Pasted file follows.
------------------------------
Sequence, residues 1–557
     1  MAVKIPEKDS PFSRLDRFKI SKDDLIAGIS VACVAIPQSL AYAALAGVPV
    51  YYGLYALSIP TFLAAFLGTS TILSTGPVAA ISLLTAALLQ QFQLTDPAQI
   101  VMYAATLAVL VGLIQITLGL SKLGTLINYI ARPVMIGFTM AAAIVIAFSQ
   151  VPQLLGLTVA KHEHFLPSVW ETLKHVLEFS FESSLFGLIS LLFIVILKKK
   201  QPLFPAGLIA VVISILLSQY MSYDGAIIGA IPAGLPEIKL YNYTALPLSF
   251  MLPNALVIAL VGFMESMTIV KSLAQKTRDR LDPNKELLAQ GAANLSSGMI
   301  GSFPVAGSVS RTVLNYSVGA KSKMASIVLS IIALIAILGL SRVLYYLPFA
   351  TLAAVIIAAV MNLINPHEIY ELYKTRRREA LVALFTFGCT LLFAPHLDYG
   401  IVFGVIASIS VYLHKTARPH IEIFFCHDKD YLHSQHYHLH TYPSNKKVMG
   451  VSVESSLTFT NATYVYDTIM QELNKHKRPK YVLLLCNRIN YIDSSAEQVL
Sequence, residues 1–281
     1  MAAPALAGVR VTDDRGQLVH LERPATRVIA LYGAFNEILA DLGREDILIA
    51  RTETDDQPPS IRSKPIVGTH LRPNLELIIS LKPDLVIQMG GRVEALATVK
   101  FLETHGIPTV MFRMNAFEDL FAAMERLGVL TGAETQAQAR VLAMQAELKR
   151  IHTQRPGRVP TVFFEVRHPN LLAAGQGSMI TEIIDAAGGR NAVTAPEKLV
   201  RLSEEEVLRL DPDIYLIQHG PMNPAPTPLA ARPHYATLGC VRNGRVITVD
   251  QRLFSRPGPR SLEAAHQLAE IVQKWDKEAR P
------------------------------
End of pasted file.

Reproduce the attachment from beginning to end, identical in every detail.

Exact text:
Sequence, residues 1–557
     1  MAVKIPEKDS PFSRLDRFKI SKDDLIAGIS VACVAIPQSL AYAALAGVPV
    51  YYGLYALSIP TFLAAFLGTS TILSTGPVAA ISLLTAALLQ QFQLTDPAQI
   101  VMYAATLAVL VGLIQITLGL SKLGTLINYI ARPVMIGFTM AAAIVIAFSQ
   151  VPQLLGLTVA KHEHFLPSVW ETLKHVLEFS FESSLFGLIS LLFIVILKKK
   201  QPLFPAGLIA VVISILLSQY MSYDGAIIGA IPAGLPEIKL YNYTALPLSF
   251  MLPNALVIAL VGFMESMTIV KSLAQKTRDR LDPNKELLAQ GAANLSSGMI
   301  GSFPVAGSVS RTVLNYSVGA KSKMASIVLS IIALIAILGL SRVLYYLPFA
   351  TLAAVIIAAV MNLINPHEIY ELYKTRRREA LVALFTFGCT LLFAPHLDYG
   401  IVFGVIASIS VYLHKTARPH IEIFFCHDKD YLHSQHYHLH TYPSNKKVMG
   451  VSVESSLTFT NATYVYDTIM QELNKHKRPK YVLLLCNRIN YIDSSAEQVL
Sequence, residues 1–281
     1  MAAPALAGVR VTDDRGQLVH LERPATRVIA LYGAFNEILA DLGREDILIA
    51  RTETDDQPPS IRSKPIVGTH LRPNLELIIS LKPDLVIQMG GRVEALATVK
   101  FLETHGIPTV MFRMNAFEDL FAAMERLGVL TGAETQAQAR VLAMQAELKR
   151  IHTQRPGRVP TVFFEVRHPN LLAAGQGSMI TEIIDAAGGR NAVTAPEKLV
   201  RLSEEEVLRL DPDIYLIQHG PMNPAPTPLA ARPHYATLGC VRNGRVITVD
   251  QRLFSRPGPR SLEAAHQLAE IVQKWDKEAR P